Paul John Lux may have rubbed shoulders with Gen. George S. Patton in the mess hall at Fort Bliss, Texas, but he wasn’t going to share his wine with him.
As the mess sergeant, with a best friend as the supply sergeant, Lux had special access to some of the more desirable amenities of Army life.
“No, that was for us,” Lux said of sharing his wine with Patton.
Enlisting in the U.S. Army in 1939, the 100-year-old World War II veteran originally from Subiaco became a mess sergeant with the 575th Anti-Aircraft Division protecting the Panama Canal Zone and later survived German shells in the Battle of the Bulge.
He was interviewed Friday at Mercy Crest Assisted Living in Barling by Anita Deason, a retired colonel and now U.S. Sen. John Boozman’s senior military and veterans liaison, as part of the Library of Congress’ Veterans History Project. Lux was joined by his daughter, Jane Lux Sharum, and grandson, Shawn J. Johnson, senior assistant attorney general for Arkansas.
Lux found Army life a breeze compared to picking cotton, corn and grains on the family farm during the Great Depression with one brother, eight sisters and his parents, Ann and Alfred Lux.
“To get off the farm,” he said when asked why he joined the Army. “I just thought I’d like the Army and I loved the Army. ... I was used to rough work. I really enjoyed the Army.”
Born Dec. 21, 1917, the centenarian credits hard work in his youth for his longevity. It may also include a sense of humor.
“A horse tripped over a log and there I was,” Lux said of how he was born. “That’s what my dad always said anyway.”
The amount of wine he and his Army buddies drank during the war years may have also had something to do with it. His best buddy, Joseph McNamara, kept a cask of wine in the mess truck during the war. When it got low, they found more to put in it.
“We had a party every night,” Lux said of his time with McNamara.
His unit spent about three months in England, enjoying the local pubs, before a move across the English Channel and into Paris on Christmas Day 1944. The Battle of the Bulge had begun. They proceeded into Belgium, where they traded coffee for a comfortable bed. On the way to Germany they slept in abandoned farmhouses and foxholes in the heavy snow. Lux said he woke up in a snow-covered foxhole one morning next to a dead German soldier.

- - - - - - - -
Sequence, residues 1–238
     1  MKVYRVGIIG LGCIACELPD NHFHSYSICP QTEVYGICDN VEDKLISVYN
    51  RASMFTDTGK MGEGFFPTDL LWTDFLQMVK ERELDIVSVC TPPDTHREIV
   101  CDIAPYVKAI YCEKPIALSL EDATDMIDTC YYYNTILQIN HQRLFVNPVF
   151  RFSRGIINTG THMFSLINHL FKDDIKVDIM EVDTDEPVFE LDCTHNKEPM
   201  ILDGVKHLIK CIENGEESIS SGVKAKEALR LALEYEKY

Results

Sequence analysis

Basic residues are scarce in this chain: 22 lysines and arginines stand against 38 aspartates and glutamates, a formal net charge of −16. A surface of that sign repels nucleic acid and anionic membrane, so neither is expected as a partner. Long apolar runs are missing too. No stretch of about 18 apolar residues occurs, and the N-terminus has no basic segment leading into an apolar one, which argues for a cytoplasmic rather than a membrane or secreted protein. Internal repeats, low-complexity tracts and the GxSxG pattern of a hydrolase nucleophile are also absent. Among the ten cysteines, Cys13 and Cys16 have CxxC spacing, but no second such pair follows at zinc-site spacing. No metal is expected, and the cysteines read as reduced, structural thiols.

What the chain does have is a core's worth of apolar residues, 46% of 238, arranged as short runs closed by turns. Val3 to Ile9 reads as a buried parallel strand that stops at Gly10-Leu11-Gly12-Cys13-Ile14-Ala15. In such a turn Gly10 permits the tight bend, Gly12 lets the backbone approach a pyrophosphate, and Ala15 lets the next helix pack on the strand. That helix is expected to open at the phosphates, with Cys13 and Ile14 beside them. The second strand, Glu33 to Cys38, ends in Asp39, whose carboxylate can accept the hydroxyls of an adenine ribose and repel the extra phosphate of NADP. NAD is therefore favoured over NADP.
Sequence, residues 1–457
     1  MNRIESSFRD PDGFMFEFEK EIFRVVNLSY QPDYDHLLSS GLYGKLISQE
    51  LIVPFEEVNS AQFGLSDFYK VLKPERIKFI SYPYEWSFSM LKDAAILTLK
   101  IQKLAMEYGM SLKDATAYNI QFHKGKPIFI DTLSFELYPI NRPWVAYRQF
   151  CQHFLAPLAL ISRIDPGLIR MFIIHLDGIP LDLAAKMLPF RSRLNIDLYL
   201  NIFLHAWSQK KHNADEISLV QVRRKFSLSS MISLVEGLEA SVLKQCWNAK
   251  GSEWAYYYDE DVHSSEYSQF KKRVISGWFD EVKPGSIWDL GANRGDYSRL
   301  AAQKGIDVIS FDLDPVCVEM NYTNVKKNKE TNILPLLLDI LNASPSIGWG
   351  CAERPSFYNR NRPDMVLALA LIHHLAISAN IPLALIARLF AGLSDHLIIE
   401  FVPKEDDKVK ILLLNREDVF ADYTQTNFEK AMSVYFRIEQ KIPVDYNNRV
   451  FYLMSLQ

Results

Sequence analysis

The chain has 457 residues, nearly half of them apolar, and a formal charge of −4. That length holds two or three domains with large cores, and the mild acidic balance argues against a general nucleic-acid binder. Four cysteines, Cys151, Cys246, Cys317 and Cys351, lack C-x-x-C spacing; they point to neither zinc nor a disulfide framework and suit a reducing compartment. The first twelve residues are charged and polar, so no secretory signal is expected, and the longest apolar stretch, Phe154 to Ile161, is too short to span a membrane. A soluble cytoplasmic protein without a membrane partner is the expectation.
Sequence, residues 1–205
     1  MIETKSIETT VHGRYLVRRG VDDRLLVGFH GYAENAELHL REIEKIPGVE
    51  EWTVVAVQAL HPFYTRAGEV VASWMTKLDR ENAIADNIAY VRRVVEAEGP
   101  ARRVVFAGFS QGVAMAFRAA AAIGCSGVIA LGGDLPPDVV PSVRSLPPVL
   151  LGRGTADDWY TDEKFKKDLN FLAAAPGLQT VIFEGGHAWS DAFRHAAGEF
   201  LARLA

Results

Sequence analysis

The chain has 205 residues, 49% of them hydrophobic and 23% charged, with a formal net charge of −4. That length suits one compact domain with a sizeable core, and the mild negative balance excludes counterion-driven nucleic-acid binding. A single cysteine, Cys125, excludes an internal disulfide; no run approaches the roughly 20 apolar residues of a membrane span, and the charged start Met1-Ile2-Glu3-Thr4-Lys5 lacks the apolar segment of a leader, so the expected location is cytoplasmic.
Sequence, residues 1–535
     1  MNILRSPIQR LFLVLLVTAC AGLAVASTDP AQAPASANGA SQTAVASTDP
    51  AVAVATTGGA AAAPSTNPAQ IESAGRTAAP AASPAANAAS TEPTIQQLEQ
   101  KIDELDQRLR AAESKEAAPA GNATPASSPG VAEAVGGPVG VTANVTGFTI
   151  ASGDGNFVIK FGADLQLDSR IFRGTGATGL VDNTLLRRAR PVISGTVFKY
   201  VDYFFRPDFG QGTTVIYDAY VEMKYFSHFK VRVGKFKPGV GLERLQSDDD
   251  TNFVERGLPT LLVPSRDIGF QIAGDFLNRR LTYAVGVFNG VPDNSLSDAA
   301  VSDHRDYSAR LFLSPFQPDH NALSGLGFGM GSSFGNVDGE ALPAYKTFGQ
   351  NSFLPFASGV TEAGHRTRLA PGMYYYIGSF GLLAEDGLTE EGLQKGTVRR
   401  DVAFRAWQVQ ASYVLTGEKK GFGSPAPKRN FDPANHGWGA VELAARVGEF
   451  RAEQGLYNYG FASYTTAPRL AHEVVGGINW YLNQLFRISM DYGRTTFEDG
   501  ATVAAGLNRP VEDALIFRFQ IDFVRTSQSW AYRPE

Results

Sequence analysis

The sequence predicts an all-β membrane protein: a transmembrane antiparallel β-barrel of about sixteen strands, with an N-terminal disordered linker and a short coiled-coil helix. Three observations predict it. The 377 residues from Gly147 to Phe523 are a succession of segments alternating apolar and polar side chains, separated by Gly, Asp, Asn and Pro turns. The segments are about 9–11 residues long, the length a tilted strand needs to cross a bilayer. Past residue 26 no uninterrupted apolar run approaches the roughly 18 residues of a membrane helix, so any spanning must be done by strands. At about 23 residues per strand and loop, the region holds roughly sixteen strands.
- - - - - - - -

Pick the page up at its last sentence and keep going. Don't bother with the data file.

“I didn’t know he was there,” Lux said. “He didn’t say anything.”
At the close of the war in 1945, Lux was stationed with Russians. His access to the wine paid. He traded a bottle for one of the Russian’s rifles.
Upon returning home, after a stop in St. Louis, Lux came home to meet the love of his life, Ann Seiter of Morrison’s Bluff, on July 4, 1945. They were married in September of that year at St. Joseph’s Catholic Church in Conway and made their home in Fort Smith. They had six children. Lux worked for 30 years for Railway Express in Fort Smith.
Veterans History Project
Deason will lead a training session from 2:30-4 p.m. Thursday at the Benton County Veterans Services Office, 1204 SW 14th St., in Bentonville for Arkansans interested in learning how to help collect the oral histories of veterans for the Library of Congress’ Veterans History Project.
Space is limited and RSVPs are required. Anyone interested should contact Pete Rathmell no later than Monday firstname.lastname@example.org.
Over the past three years, Deason has trained more than 400 Arkansans to conduct and submit interviews with local veterans to the Library of Congress’ collection. The project is an initiative that "aims to preserve and make accessible the personal stories of American war veterans."
Since 2000, the VHP has recorded 100,000 veterans’ stories nationally. However, only 1,200 of those veterans from Arkansas. The project is open to students in the 10th grade or higher, Deason noted. Interviews must be video recorded and at least 30 minutes long.